Background: Advances in neonatal intensive care have lowered the neonatal death rate. There are still some severely ill neonates and infants, however, for whom the application of all possible life-prolonging treatment modalities may be questioned.
Methods: We did two studies in the Netherlands. In the first we sent questionnaires to physicians who had attended 338 consecutive deaths (August-November, 1995) within the first year of life (death-certificate study), and in the second we interviewed 31 neonatologists or paediatric intensive-care specialists and 35 general paediatricians. The response rates were 88% and 99%, respectively.
Findings: In the death-certificate study, 57% of all deaths had been preceded by a decision to forgo life-sustaining treatment; this decision was accompanied by the administration of potentially life-shortening drugs to alleviate pain or other symptoms in 23%, and by the administration of drugs with the explicit aim of hastening death in 8%. A drug was given explicitly to hasten death to neonates not dependent on life-sustaining treatment in 1% of all death cases. No chance of survival was the main motive in 76% of all end-of-life decisions, and a poor prognosis was the main motive in 18%. The interview study showed that parents had been involved in making 79% of decisions. The physicians consulted colleagues about 88% of decisions. Most paediatricians favoured formal review of medical decisions by colleagues together with ethical or legal experts.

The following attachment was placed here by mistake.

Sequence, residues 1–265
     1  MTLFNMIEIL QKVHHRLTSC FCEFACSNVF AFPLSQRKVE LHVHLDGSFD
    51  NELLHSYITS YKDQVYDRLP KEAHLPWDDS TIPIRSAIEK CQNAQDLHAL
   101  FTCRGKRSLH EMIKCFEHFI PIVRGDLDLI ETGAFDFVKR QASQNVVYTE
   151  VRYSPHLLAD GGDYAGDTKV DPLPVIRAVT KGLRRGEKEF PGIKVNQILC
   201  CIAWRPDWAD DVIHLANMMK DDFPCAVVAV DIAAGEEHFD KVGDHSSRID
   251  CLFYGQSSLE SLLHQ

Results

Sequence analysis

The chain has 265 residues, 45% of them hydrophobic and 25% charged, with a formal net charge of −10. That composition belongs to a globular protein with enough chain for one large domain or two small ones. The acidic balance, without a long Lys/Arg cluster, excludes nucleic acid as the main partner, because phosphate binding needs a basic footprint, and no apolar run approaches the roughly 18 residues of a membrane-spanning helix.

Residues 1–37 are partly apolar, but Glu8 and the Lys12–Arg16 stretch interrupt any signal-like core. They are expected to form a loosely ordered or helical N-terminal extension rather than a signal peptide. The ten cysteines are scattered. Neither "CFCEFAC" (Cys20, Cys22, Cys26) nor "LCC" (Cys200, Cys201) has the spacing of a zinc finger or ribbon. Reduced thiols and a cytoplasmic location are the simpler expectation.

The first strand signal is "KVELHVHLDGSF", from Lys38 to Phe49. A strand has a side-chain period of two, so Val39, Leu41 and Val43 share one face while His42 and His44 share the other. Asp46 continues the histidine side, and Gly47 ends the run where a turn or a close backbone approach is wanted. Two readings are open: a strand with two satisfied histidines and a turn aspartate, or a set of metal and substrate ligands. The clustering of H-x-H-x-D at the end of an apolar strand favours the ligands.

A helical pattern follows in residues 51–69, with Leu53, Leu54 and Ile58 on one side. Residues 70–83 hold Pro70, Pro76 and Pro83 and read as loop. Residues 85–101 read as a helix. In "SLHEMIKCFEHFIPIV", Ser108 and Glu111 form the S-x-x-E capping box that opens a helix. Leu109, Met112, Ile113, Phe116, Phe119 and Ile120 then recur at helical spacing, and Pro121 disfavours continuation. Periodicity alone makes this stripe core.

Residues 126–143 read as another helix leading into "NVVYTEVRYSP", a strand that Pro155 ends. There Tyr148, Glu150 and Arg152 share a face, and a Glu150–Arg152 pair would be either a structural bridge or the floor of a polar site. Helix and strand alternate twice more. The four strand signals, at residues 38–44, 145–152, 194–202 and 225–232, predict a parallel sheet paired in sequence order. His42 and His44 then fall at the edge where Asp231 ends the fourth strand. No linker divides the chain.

Interpretation: Death among neonates and infants is commonly preceded by medical end-of-life decisions. Most Dutch paediatricians seem to find prospects for survival and prognostic factors relevant in such decisions. Public control by a committee of physicians, paediatricians, ethicists, and legal experts is widely endorsed by paediatricians.